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Undaunted by the mess they made of California's electricity marketplace, Sacramento politicians are poised to play havoc with another vital realm of consumer welfare — the marketplace for new cars, pickup trucks, and SUVs.<?xml:namespace prefix = o ns = "urn:schemas-microsoft-com:office:office" />
Assembly Bill 1058, introduced by Fran Pavley (D., Woodland Hills), passed the state assembly by the narrowest of margins on a strict party-line vote. The bill would require the California Air Resources Board (CARB) to develop and adopt regulations mandating "maximum feasible" reductions in carbon-dioxide (CO2) emissions from new cars and light trucks. The senate is expected to consider the bill this week. If enacted, AB 1058 could empower CARB to do to SUVs what federal "Corporate Average Fuel Economy" (CAFE) standards did to big, family-friendly station wagons — price them beyond reach of ordinary folks, and, ultimately, regulate them into oblivion.
The bill explicitly prohibits CARB from banning the sale of any class of vehicles. However, government need not ban a product to restrict its manufacture, sale, or use. Tax a thing, and there will be less of it. A CO2 standard would function as an implicit carbon tax on gasoline-powered vehicles.
Because no existing technology can control CO2 emissions from vehicles, manufacturers subject to a CO2 standard would have to make changes in vehicle design and construction. For example, automakers might have to replace gasoline-powered engines with exotic technologies like hybrid-gas electric engines, and/or replace gasoline with alternative fuels (like ethanol) for which there is no national distribution infrastructure. Depending on the stringency of the CO2 controls, the sticker price of a new car could increase by several thousand dollars.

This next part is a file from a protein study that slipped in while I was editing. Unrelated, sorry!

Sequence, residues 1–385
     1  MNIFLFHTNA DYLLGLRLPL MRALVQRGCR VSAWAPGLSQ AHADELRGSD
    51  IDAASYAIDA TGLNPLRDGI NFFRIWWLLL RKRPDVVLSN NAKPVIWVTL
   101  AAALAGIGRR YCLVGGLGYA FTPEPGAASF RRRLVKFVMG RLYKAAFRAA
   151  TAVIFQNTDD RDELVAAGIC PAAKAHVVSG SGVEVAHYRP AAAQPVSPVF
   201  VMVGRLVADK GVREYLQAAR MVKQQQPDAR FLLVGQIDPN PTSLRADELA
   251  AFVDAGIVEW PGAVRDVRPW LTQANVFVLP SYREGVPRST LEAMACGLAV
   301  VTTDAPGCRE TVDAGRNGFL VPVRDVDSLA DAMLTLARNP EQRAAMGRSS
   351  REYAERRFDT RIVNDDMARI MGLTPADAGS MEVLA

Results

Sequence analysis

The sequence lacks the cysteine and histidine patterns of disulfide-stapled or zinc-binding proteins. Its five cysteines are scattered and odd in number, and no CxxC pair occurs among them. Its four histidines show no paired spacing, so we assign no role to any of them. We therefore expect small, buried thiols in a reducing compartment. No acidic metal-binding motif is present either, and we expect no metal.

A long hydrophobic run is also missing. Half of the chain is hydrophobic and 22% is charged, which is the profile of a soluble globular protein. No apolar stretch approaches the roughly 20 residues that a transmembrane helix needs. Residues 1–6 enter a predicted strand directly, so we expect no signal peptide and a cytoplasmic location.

Of course, the simplest way to emit less CO2 is to burn less fuel. And the simplest way to reduce fuel consumption is to make cars lighter and smaller. But how many soccer moms would want to buy a cramped, safety-challenged, "Mini-SUV," even if it were affordably priced?
Decades of research confirm what common sense tells us: Big cars are safer. The more your car resembles a tank rather than a go-cart, the more protection it provides from collision forces. The size and weight reductions induced by the federal CAFE program add 1,300 to 2,600 fatalities to the nation's annual highway death toll, according to the National Research Council. Congress, thankfully, has long refused to tighten CAFE standards, and did so again last month.
CARB, however, has an even longer history of trying to dictate consumer preferences by regulatory fiat. For example, in 1990, CARB decreed that, by 2003, 10 percent of all new cars produced for sale in California (about 170,000 automobiles) must be "zero emission vehicles"(ZEVs), i.e., electric cars. Twelve years and millions of taxpayer dollars later, electric cars are a rarity on California's freeways. The ZEV mandate is a flop of Edsel-like proportions. Giving CARB even more power over automotive design, as AB 1058 proposes, would be sheer folly.